Salon recommends

An addictive biography of William Randolph Hearst, an intoxicating tale of disobedient lovers in war-torn Iran and more.


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Salon Staff
February 27, 2001 1:40AM (UTC)

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The Persian Bride by James Buchan
This British novel has been touted as another "Dr. Zhivago," and there is in fact something similar in its political/historical sweep and its romantic appeal. It tells the tale of a young, true-hearted British student who falls in love with the daughter of a cruel Iranian military commander on the eve of the Islamic revolution. Buchan's description of the young couple's death-defying elopement and their "honeymoon" on the lam from the bride's dangerously unforgiving father is breathtaking to read, an intoxicating mix of suspense and eros. The young lovers pay a terrible price for their passionate rebellion against Iranian custom. Buchan gives a punishing portrait of life inside the mullahs' penal system, as the couple is caught up in the machinery of Islamic justice, as well as a harrowing picture of life on the suicidal front lines of the Iran-Iraq bloodfest which slogged on through much of the 1980s. By the novel's end, the no-longer young Englishman's love has been hammered into hard metal by some of the century's cruelest affronts. "The Persian Bride" is a demanding love story, but well worth the commitment.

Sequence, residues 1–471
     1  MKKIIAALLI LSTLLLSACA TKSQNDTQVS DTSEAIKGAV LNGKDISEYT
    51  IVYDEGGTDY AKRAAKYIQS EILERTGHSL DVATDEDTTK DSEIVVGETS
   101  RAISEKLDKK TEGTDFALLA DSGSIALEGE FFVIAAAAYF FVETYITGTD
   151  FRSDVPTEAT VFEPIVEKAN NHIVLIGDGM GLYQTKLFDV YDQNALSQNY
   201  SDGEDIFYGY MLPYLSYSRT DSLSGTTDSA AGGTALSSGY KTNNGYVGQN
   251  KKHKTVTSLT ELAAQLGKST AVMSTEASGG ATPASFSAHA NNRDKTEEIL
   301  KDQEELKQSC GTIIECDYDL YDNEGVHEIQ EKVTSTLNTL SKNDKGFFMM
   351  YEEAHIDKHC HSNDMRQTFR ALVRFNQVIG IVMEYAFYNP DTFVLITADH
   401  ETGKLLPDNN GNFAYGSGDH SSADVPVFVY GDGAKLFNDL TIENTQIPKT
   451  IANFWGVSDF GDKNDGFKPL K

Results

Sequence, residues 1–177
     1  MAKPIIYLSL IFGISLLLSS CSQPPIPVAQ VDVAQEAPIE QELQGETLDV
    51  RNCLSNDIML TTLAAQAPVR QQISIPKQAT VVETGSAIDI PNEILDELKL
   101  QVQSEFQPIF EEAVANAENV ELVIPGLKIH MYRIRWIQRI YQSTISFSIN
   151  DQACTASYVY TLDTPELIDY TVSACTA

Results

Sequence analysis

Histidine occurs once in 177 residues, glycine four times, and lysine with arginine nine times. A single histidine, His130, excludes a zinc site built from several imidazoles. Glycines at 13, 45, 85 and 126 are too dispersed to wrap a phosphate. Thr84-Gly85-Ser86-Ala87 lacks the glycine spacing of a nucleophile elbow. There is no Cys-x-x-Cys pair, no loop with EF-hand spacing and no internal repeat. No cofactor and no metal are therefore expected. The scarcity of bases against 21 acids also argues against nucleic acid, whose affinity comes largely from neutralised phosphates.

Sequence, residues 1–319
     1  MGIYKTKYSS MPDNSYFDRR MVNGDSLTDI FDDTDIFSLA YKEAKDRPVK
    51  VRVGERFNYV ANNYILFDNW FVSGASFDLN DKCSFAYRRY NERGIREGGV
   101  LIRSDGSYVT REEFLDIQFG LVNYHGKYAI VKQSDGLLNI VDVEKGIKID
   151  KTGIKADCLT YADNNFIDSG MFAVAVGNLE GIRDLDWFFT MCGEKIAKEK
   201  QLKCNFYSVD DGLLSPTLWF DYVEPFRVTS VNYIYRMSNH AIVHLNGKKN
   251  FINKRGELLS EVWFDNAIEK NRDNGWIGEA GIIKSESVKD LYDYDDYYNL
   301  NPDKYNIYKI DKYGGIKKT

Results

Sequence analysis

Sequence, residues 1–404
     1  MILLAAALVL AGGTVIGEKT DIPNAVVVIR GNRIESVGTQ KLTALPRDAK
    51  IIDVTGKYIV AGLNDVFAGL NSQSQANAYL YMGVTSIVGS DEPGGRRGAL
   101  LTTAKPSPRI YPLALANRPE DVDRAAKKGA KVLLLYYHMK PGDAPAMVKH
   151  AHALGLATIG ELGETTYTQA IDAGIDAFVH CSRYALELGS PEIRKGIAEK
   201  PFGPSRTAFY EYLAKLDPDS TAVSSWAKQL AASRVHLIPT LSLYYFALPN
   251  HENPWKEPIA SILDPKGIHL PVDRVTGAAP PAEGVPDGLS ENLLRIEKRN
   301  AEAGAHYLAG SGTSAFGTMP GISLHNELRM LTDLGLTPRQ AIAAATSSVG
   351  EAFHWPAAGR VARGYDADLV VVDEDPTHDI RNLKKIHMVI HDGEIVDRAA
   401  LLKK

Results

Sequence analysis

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--David Talbot

The Chief: The Life of William Randolph Hearst by David Nasaw
When my boss originally urged this biography on me, I resisted -- sure he likes it, I thought: It's about a carousing, power-crazed California publishing magnate. How quick to scoff I was, and how wrong. Nasaw's meticulously crafted "riches to more riches" account of Hearst's canny construction of the first American media empire is addictive reading, filled with famous characters -- movie stars! politicians! -- and intriguing new interpretations of such standard stories as Hearst's shift from the left to the right end of the political spectrum. Hearst's life is a better story than you get in most novels these days -- and I hear someone once made a movie about him, too...

--Laura Miller

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